By Ofer Sivan
The new $20,000 bike “parklet” selected “by a committee made up of city staff, local bicycle advocates, Downtown District staff and downtown business owners” is a well meaning but misguided attempt to do something positive for bicyclists and the community at large. I myself sat on the committee. The winning design was my favorite, although I was against the whole thing, and here’s why.
First of all, what is a “parklet”? It is mini-park, as in a little park to play on — not to be confused with a bike parking rack, but, also, in this case, meaning a bike parking rack. That is a little confusing, like the idea itself.
We do need more bicycle parking in Iowa City. When I biked to the meeting to vote on the winning design at the Iowa City Downtown District current offices on North Clinton Street, there were only three legal bicycle parking spots on the entire block — all taken — so I locked my bike illegally to a street sign. A regular bike rack which can park 6-12 bikes costs about $300-$1000, or between $25-$150 per parking spot. The winning design provides 40 spots for $20,000, which is about $500 per spot. So yes, this design will add some badly needed bike parking, at a price which will embarrass the bicycle advocacy community.
The parklet will take away two commercial vehicle loading zones which serves dozens of nearby businesses, forcing their suppliers and vendors to load/unload while double parked. To reduce traffic congestion and car trips by citizens, the parklet should have taken away two metered spots, as it is well known that reducing parking availability reduces traffic. This is a missed opportunity. All bike parking should be placed on streets at the expense of car parking. This will also reduce the number of bicyclists on the sidewalk.
Does the parklet raise awareness of bicycles in Iowa City? Er, sort of. It will unify the pro and anti bicycle communities in opposition to the waste of money, embarrassing the bicycle community while not actually addressing any of the community’s most important issues. The only other thing which unites pro and anti bicycling communities are the hated “sharrows” which, as best I can tell, are designed to enrage drivers and endanger bicyclists. The sharrows are the “share the lane arrows” painted on many streets. Like you, I don’t know what they mean, although I know if I am riding my bike on a street with a sharrow I will got honked at and swore at. They are a complete waste of paint.
The new parklet is described as the ‘cherry on top’ because look at all the great bike infrastructure projects ready to get started. So if the parklet is the cherry, what is the sundae? Press releases point to upcoming road diet projects. But here’s what I found out when I attended a meeting about the 1st Ave road diet project: It seems that the city staff and the engineers from the firm hired were generally supportive of the road diet, which will be good for bicycles. However in their presentation and as admitted by the engineers, any benefit to bicycle users is incidental, if welcome, as the main reason for road diets being a reduction of traffic accidents. So that’s the sundae, incidental benefits to bicyclists based on what’s best for cars.
One engineer said, “Look, Iowa City is a bike friendly community” then she was rudely and appropriately booed by the many bicycle advocates in the audience. I wonder how much time she spends on her bike in Iowa City, because there are not many bicycle users who would say “Iowa City is a bicycle friendly community.” Self congratulatory street signs and meaningless precious-metal-awards notwithstanding.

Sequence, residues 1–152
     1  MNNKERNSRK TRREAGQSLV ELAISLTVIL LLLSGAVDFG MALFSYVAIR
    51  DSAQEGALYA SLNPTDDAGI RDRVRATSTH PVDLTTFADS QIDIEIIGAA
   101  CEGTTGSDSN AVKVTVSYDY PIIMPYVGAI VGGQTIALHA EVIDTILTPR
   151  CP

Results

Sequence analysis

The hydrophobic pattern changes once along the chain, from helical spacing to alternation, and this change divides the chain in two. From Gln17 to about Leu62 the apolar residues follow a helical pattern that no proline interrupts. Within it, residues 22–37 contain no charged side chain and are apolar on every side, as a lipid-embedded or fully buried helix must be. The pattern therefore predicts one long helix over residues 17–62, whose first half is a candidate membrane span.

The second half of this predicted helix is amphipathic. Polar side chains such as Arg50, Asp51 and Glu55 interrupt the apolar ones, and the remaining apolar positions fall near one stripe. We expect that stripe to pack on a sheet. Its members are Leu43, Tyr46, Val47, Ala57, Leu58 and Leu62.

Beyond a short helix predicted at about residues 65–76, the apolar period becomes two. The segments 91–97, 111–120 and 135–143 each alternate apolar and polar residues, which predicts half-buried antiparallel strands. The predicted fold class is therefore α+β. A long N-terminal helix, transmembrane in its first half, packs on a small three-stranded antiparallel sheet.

So what should be done to increase bicycle ridership and reduce car trips? First, reduce the available parking. Put bike parking where car parking is now. Second, provide cyclists with real bike lanes, not sharrows. There are many streets such as Muscatine and North Dodge where the car lane width is inappropriately wide for a 25mph speed limit and at the same time does not leave room for bike lanes. There are many streets like this such as Broadway and Court Street east of 1st Avenue, where there is no street parking, the speed limit is too low for the lane width and there is ample room for solid bike lanes. Third, the city should convert some streets into “bicycle boulevards.” It could be as simple as removing parking from one side of the street and painting two bicycle lanes, one for each direction. This should be done on College, Lucas, and Linn streets to start.
Johnson County continues to lag behind neighboring counties, with precious few miles of trails. They say they are acquiring land to link up trails with the impressive trails system found in Linn County. But this is taking too long and bicyclists are dying on Johnson County roads while bicyclists risk their lives on 55mph roads, looking for a place to enjoy their hobby and make their commutes.
Planners and leaders are still thinking that it is possible to have a bicycle and car friendly community. This is wrong. Cars are bad for health, as it is well known science that people who commute by bike are healthier and happier. Streets with no car parking have more foot traffic and cleaner air. Foot traffic downtown will increase when the only available parking is for commercial vehicles and disabled citizens. Right now, it is too easy for citizens to drive a mile or less and park downtown. Transportation planners should try to do their commutes exclusively by bicycle for one week, and experience the difficulty of finding a safe route. They should take up a full lane on Gilbert Street from Highway Six north to Market Street as is their legal right and suffer the yelling, honking, and threats from multi ton vehicles, see what the sharrows do and don’t do (hint: they do nothing). Our well meaning planning professionals need to do more for bicycles, and do it faster.